Building and Exterior Security


Site and Perimeter

Whenever possible, the courthouse should be set back from the perimeter of the property to protect the exterior from vehicular attack. Decorative walls, bollards, planters, berms or other structures may be used to prevent vehicles from approaching too close to the building. Secure the site and perimeter in the following ways:

  • Clearly define the perimeter of the courthouse grounds using fences, walls, or other physical barriers. All exposed fixtures should be weather and tamper resistant.
  • Maintain clear access routes for first responders.
  • Illuminate the exterior of the building, site perimeter, walkways, and drives and parking areas.
  • Determine appropriate standoff distance from the street (a minimum of 50 feet from the curb is suggested).
  • Provide appropriate barriers to prevent a vehicle from approaching the building and adequate protection from potential blast effects, when adequate standoff cannot be provided.
  • Utilize natural barriers such as trees, and constructed barriers such as planting boxes, heavy masonry benches and tables, access ramps with masonry walls, fences, and bollards.
  • Build in landscaping such as planters against the building up to window height provide a barrier to vehicles without elevating the building.
  • Utilize retaining walls to define the property boundary and serve as barriers within the landscape design.
  • Ensure landscaping features such as trees and fences do not hinder visibility or provide the opportunity for concealment of people or vehicles.
  • Eliminate landscape features that provide places for potential intruders to hide weapons or other dangerous items.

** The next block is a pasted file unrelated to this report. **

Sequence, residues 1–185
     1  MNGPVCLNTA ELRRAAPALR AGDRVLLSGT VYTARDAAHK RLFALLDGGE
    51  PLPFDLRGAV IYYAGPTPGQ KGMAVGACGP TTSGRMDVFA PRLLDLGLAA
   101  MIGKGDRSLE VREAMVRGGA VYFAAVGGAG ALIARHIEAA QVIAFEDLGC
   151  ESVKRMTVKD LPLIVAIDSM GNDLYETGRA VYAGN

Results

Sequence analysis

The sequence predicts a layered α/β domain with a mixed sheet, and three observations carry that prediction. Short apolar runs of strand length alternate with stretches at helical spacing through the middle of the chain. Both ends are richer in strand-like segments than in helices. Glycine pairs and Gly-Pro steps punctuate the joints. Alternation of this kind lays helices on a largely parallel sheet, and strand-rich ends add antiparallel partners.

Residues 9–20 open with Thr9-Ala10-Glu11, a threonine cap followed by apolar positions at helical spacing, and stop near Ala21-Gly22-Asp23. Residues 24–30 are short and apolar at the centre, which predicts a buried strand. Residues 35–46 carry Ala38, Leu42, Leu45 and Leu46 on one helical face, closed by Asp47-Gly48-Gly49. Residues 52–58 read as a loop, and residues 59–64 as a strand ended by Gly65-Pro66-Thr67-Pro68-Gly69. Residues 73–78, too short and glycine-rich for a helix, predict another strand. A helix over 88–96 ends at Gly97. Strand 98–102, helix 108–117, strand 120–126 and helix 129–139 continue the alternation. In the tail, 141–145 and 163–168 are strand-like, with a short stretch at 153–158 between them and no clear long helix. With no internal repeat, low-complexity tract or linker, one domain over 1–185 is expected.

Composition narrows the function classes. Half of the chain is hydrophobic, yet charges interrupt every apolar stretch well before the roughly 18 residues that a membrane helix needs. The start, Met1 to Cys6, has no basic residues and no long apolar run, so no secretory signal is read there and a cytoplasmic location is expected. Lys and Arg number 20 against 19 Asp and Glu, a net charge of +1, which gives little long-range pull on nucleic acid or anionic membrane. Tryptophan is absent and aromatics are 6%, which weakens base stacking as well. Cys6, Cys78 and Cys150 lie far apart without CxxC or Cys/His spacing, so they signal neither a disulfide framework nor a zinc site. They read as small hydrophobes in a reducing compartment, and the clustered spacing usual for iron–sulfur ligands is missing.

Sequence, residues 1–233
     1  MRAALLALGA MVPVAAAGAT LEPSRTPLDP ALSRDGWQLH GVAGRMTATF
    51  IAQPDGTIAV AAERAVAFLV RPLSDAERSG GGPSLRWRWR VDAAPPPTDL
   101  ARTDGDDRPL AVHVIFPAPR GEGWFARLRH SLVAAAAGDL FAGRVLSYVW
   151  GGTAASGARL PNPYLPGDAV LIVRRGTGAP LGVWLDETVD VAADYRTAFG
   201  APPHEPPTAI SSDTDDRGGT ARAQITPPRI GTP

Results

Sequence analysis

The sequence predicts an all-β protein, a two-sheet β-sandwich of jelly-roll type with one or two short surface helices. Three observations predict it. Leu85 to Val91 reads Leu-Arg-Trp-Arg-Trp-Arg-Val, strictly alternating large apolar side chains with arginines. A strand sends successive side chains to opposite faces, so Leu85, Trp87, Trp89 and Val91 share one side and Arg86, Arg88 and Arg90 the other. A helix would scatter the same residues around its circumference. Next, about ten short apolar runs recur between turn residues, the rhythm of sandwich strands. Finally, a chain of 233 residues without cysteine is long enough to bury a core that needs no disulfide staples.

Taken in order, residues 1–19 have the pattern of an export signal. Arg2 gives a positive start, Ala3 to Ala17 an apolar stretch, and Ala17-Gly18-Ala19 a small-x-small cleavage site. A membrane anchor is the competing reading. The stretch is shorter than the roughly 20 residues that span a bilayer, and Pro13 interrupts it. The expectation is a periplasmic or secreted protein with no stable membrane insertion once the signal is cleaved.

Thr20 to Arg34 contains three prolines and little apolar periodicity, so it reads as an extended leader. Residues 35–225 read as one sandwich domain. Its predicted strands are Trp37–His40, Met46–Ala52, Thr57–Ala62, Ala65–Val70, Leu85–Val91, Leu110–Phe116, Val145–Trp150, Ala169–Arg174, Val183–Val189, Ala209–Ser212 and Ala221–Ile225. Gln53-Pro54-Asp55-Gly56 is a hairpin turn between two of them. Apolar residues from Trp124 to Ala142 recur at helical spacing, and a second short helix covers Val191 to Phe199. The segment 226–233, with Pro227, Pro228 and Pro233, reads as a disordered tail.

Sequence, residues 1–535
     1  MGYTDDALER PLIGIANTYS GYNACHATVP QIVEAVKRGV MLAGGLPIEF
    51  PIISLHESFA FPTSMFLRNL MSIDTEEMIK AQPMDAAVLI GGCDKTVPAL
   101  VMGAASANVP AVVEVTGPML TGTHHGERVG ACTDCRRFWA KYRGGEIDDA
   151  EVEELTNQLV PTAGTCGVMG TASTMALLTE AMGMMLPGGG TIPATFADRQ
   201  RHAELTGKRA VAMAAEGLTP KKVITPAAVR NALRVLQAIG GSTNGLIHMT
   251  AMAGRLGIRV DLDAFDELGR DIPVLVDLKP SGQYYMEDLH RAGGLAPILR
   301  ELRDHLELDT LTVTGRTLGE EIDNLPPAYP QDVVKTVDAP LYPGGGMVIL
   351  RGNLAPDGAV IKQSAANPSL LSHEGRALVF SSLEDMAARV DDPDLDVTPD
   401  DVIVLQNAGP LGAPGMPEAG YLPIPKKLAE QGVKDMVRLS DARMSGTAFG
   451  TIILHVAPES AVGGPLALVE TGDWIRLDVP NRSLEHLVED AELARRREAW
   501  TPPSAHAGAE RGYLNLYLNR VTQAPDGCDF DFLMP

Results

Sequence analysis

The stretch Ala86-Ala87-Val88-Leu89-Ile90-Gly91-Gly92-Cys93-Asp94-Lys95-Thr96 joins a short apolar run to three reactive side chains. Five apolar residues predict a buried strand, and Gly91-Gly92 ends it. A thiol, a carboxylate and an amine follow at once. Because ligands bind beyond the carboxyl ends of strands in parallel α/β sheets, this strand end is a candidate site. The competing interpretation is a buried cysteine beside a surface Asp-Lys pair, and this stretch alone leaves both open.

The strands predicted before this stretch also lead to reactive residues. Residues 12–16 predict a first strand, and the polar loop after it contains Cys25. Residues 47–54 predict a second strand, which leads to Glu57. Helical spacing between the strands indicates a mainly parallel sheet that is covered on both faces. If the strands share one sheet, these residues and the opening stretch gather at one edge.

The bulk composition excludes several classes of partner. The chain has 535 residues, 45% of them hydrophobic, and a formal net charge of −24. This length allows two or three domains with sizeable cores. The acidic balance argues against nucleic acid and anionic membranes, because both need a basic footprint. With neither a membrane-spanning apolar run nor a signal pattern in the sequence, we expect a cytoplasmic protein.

• Ensure video camera sightlines are not be impeded by leaf canopies and that no areas are hidden from overhead observation.

Windows and Glazing

The most severe injuries in an explosion are the result of shattered glass. Choices range from regular glazing such as would be used in a general office building, to either bullet-resistant or attack-resistant glazing. Bullet-resistant glazing is designed to withstand the impact of a high-velocity projectile but generally does not withstand low velocity heavy objects (such as a chair or brick) or the impact of a bomb blast. Assess the risks for your courthouse, and select glazing for exterior windows and doors that is best suited to addressing those risks.

At a minimum, all ground floor windows and doors should be equipped with attack resistant glazing to prevent breakage from vandalism or storms.


To help protect judges and elected officials with offices in the courthouse, provide for separate public and secure parking areas. Public parking should be built adjacent to the courthouse with a minimum 100 foot separation.

The sally port for prisoner transport should not share an entrance with either public or secure parking.

No public parking should be located under or in the courthouse.